Monday, 26 April 2010

Wedding photography at The Burlington, Folkestone

My website: Wedding Photographers in Kent

A selection of images with EXIF data from Lucy and James' wedding on Saturday at The Burlington Hotel and Kingsnorth Gardens, Folkestone. Please check out their wedding gallery.

HDR (-2, 0, +2), f/4, ISO 800, 16mm, 16-35mm f/2.8L II

The interior of the ceremony room was surprisingly dim, but the windows and exterior were blindingly bright. Time for a high dynamic range (HDR) shot (handheld since I don't take a tripod with me).

1/320, f/2, ISO 200, ⅓ EV, 35mm f/1.4L

I thought I might obtain evidence of icing-licking with this shot but he managed to restrain himself!

1/400, f/1.4, ISO 200, ⅓ EV, 35mm f/1.4L

Upstairs to see the lovely bride Lucy. Her room was reasonably spacious and well-lit.

1/320, f/2.2, ISO 200, 0 EV, 35mm f/1.4L

The ladies spend hours on their meticulous preparations whilst the boys pull their suits on and are ready in 5 minutes. Only right therefore that the photographer should pay slightly more attention to the bride!

1/1250, f/1.2, ISO 200, ‒ ²⁄₃ EV, 85mm f/1.2L II

Some negative exposure compensation (EC) due to the slight predominance of darker tones.

1/640, f/1.8, ISO 200, ‒ ²⁄₃ EV, 35mm f/1.4L

1/640, f/1.8, ISO 200, ‒ ⅓ EV, 35mm f/1.4L

1/200, f/3.5, ISO 1600, 0 EV, 16mm, 16-35mm f/2.8L II

1/160, f/2.8, ISO 400, ‒ ⅓ EV, 35mm, 16-35mm f/2.8L II

The groom was being illuminated by window light and, for some of the ceremony, his shadow was being cast onto the bride. The primary source of illumination on her was from tungsten lights. In this situation it's impossible to achieve a satisfactory white balance. One option would have been to use flash (which is balanced for daylight) to light both of them but I'm reluctant to do this during a ceremony. Coversion to B&W obviously removes this problem.

1/400, f/2.8, ISO 400, 1 EV, 22mm, 16-35mm f/2.8L II

If possible I do try and move position very discreetly during the ceremony to get shots from other angles.

1/125, f/3.5, ISO 800, ‒ ⅓ EV, 35mm, 16-35mm f/2.8L II

Due to the design of the room the couple were very close to my position which meant I could only shoot at wide angles during the ceremony.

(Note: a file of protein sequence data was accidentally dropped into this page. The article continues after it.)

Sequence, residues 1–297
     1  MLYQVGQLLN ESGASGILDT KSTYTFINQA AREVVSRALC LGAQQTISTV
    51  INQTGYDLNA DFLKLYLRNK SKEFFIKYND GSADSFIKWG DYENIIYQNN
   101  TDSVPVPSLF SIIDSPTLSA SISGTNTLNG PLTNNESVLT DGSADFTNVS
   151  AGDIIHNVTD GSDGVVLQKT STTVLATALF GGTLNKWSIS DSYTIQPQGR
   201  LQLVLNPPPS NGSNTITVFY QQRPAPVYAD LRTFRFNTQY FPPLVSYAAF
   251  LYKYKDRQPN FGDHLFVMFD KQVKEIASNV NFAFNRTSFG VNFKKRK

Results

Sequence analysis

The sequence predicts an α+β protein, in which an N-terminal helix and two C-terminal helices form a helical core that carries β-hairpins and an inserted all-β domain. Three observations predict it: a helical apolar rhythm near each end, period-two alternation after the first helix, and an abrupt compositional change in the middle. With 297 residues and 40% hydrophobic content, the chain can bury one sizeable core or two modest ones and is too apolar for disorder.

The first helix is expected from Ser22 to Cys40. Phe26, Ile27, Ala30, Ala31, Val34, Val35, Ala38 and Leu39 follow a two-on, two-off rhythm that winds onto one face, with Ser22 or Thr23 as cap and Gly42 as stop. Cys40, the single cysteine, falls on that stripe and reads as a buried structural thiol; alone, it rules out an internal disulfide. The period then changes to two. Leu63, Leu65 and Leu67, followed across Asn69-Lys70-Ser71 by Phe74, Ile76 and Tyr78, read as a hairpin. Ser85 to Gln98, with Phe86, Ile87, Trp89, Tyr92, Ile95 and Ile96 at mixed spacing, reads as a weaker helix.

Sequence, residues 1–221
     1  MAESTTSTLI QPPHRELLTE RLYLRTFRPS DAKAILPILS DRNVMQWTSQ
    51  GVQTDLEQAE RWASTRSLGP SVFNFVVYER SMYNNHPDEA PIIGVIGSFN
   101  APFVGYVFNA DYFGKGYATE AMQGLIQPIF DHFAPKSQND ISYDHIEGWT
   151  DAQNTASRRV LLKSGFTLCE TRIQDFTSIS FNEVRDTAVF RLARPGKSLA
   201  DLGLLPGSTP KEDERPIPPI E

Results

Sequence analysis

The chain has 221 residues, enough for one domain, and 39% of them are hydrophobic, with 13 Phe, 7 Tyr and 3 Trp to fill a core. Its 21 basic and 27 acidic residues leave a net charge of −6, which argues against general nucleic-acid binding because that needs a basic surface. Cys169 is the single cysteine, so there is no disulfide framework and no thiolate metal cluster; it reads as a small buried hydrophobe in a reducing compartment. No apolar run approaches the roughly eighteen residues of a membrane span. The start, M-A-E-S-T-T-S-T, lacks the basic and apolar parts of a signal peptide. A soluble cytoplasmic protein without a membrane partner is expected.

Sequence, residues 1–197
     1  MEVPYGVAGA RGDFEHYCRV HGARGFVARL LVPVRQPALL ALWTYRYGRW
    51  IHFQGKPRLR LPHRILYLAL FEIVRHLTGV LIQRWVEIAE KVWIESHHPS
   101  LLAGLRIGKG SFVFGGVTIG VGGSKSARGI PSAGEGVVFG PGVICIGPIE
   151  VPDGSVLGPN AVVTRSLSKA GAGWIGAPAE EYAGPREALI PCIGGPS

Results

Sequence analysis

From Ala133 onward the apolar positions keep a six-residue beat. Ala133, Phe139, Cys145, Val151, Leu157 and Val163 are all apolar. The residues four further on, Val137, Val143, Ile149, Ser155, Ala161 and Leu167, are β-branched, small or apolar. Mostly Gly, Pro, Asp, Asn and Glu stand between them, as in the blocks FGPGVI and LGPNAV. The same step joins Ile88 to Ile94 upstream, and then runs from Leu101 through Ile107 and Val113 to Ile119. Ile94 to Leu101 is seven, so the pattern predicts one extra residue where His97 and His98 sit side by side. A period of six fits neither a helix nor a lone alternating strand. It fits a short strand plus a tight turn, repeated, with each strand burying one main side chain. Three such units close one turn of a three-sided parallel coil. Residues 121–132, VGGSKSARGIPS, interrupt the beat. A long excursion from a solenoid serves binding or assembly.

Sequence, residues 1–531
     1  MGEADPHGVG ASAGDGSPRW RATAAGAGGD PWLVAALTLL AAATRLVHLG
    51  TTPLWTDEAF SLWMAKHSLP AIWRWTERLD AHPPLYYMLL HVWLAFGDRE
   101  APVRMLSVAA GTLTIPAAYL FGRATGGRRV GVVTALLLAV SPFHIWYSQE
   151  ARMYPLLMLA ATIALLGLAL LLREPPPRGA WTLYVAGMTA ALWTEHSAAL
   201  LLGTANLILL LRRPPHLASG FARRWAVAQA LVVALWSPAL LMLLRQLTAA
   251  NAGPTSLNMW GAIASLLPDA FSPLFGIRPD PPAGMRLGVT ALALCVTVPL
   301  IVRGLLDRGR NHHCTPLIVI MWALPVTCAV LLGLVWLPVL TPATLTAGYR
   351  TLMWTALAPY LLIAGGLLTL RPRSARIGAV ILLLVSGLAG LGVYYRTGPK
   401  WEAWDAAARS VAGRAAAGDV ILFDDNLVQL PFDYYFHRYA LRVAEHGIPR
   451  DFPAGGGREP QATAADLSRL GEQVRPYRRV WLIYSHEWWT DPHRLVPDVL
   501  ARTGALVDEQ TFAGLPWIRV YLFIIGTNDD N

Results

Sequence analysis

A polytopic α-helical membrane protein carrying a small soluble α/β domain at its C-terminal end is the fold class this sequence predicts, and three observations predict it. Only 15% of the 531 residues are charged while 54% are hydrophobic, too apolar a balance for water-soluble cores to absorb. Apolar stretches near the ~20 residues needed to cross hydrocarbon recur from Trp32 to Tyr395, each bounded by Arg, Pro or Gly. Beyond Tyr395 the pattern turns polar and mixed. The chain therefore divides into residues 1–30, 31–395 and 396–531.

1/500, f/2.5, ISO 50, ‒ 1 EV, 35mm f/1.4L

The sun was ferocious but I managed to find one shady spot for the group shots. I had the sun shining directly into my lens so I asked one of the hotel staff to shade my camera with a huge piece of card that was conveniently found nearby!

1/1000, f/1.2, ISO 50, 0 EV, 85mm f/1.2L II

We moved to Kingsnorth Gardens for the bride and groom portrait session. We started at the shady end of the park to get some safe shots in the bag.

1/1250, f/1.2, ISO 50, 0 EV, 85mm f/1.2L II

1/320, f/2.2, ISO 50, ‒ ⅓ EV, 85mm f/1.2L II

1/2000, f/1.2, ISO 50, ‒ ⅓ EV, 85mm f/1.2L II

We then ventured out into the bright sun. I did shoot at apertures other than f/1.2!

1/1000, f/4, ISO 50, ‒ 1 EV, 25mm, 16-35mm f/2.8L II

I put the camera low down to capture their reflection. I had to be careful about my own shadow falling into the frame.

1/3200, f/1.4, ISO 50, ‒ 1 EV, 35mm f/1.4L

Negative EC protected highlights in the dress.

1/3200, f/1.4, ISO 50, 0 EV, 35mm f/1.4L

1/200, f/3.2, ISO 1000, ‒ ⅓ EV, 23mm, 16-35mm f/2.8L II

1/640, f/1.4, ISO 400, ‒ ⅓ EV, 35mm f/1.4L

No, I have not used Photoshop's liquify tool. This baby does have huge blue eyes!

1/200, f/3.2, ISO 640, ⅓ EV, 0 FEC, 35mm f/1.4L

I held a 580EX II in my left hand, fitted with a PocketWizard flexTT5, which I triggered with a PW miniTT1 on camera. I bounced the flash off a white wall to my left to act as a fill light to the window light behind the bride.

Any comments or queries are most welcome.

My website: Kent wedding photographers


Wayne Prankard said...

Love the blue-eyed baby!

Sara Reeve said...

This is a gorgeous collection of photographs, and really interesting to see how you've balanced the light and found solutions! Any use of that Apollo XL in this wedding or was it just too sunny?

David said...

Hi Sara,

Many thanks for the lovely feedback.

Yes, I did use the Apollo XL for a couple of shots - but only indoors. You're spot on - when it's really sunny a Speedlite fitted with a diffuser has limited efficacy outdoors.

All the best,